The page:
|Director Bartlett Sher addresses the women|
Guest rehearsal blog entry from Caroline Baum
What a difference a week makes! The girls are all tapping like seasoned hoofers and the men are swivelling their hips like old-timers. Broadway has definitely arrived at the Opera Centre.
New York choreographer Christopher Gattelli’s eloquence does not require words: his feet speak fluent Rodgers and Hammerstein.
To reinforce the production’s emphasis on authenticity, Gattelli has been giving the principals classes in posture. “In those days, people had carriage, class, grace and a sense of deportment. Today slumping and slouching is part of our culture so I need the cast to tuck in their tailbones, cross their ankles when sitting, stand erect, and learn to walk differently. The women wore girdles in those days, so that affected carriage and the men’s military training also had an effect on their bearing, especially as they had to know how to march in step and carry weapons. It’s a whole different attitude to movement, not just about learning dance steps,” says Gattelli, who studied films and worked with a swing dance expert to achieve the right forties style.
He breaks down a number into its component parts, demonstrating every step. Sometimes he wants unity, at other times it’s all about breaking out and doing a solo turn. “A lot of the things we came up with are organic and created on the spot, like the way the girls use the towels at the end of ‘I'm Gonna Wash That Man Right Outa My Hair’.”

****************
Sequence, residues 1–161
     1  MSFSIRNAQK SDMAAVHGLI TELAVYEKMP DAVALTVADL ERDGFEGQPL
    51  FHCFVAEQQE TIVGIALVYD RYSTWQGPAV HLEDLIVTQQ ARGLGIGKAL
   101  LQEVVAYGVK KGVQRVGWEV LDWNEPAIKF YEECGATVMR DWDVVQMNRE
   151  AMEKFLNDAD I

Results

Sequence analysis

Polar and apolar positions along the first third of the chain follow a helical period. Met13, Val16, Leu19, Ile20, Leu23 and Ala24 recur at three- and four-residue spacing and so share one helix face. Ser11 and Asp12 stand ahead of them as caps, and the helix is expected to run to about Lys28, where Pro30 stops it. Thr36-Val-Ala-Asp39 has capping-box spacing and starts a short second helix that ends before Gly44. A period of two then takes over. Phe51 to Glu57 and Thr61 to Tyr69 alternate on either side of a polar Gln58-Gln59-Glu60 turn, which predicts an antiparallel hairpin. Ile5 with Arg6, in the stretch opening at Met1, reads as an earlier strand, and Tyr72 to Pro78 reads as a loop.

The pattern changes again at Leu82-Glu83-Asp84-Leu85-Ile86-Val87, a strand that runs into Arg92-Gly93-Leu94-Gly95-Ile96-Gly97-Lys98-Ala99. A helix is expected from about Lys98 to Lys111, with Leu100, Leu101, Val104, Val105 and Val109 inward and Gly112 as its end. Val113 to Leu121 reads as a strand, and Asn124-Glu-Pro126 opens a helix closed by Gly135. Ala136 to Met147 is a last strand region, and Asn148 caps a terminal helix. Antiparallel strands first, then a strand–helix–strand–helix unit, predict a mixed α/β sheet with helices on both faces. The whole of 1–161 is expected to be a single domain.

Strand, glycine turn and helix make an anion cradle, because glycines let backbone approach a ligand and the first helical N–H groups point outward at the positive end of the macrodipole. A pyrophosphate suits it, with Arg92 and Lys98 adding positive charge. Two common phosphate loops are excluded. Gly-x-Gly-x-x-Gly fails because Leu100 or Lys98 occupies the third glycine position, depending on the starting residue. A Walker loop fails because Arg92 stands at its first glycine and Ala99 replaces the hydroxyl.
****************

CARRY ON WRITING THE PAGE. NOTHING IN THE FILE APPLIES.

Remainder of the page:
Everyone has to be given some bit of business. For Kate Ceberano, it’s refining the islander mime actions that define her character Bloody Mary (whom she calls 'Pimp Mummy') in ‘Happy Talk’ until they convey exactly the right mix of the mercenary and the maternal while Liat (Celina Yuen) perfects the hybrid Islander/Chinese inspired peacock hand movements of her seduction of Lieutenant Cable (Daniel Koek). Then the chorus blow away the sombre mood in a rampagingly lusty ‘Honey Bun’, adding a little bit of local girl-on-girl cheekiness to the action. Cat calls and wolf whistles ramp up the adrenalin. Bartlett Sher laughs that he’d never be as bold back home.
A couple of days later, the male ensemble are working full throttle on ‘Bloody Mary’. Sailor caps on, (each angled at individually rakish and jaunty angles; some have even managed to make a round hat square). Testosterone pumps as they spin, tumble and stretch in front of the mirror and for each other. Strutting? Showing off? You bet.
“This number is kind of like organised chaos, dancing that looks a bit like fighting,” says Gattelli in a rare moment of verbal exposition. “Now polka through this mess,” he urges a couple of sailors. One hesitates for the briefest second. “I can be led” he mutters, as if convincing himself.
“I’m going to give you a swing step, and then you mix it up,” says Gattelli to another group.
‘Now what about some butterflies?’ turning to the black trio who never mix with the other Seabees and have been waiting patiently for their moment.
‘Do it like you are throwing each other down the beach, I want it to look rough, not beautiful.' They oblige and the room whoops and cheers its appreciation.
‘Now go for more height.’ They deliver, amping up the tumbling and throwing in some back flips for good measure.
Sometimes rehearsal looks like nothing but hard work. Today it looks like nothing but fun.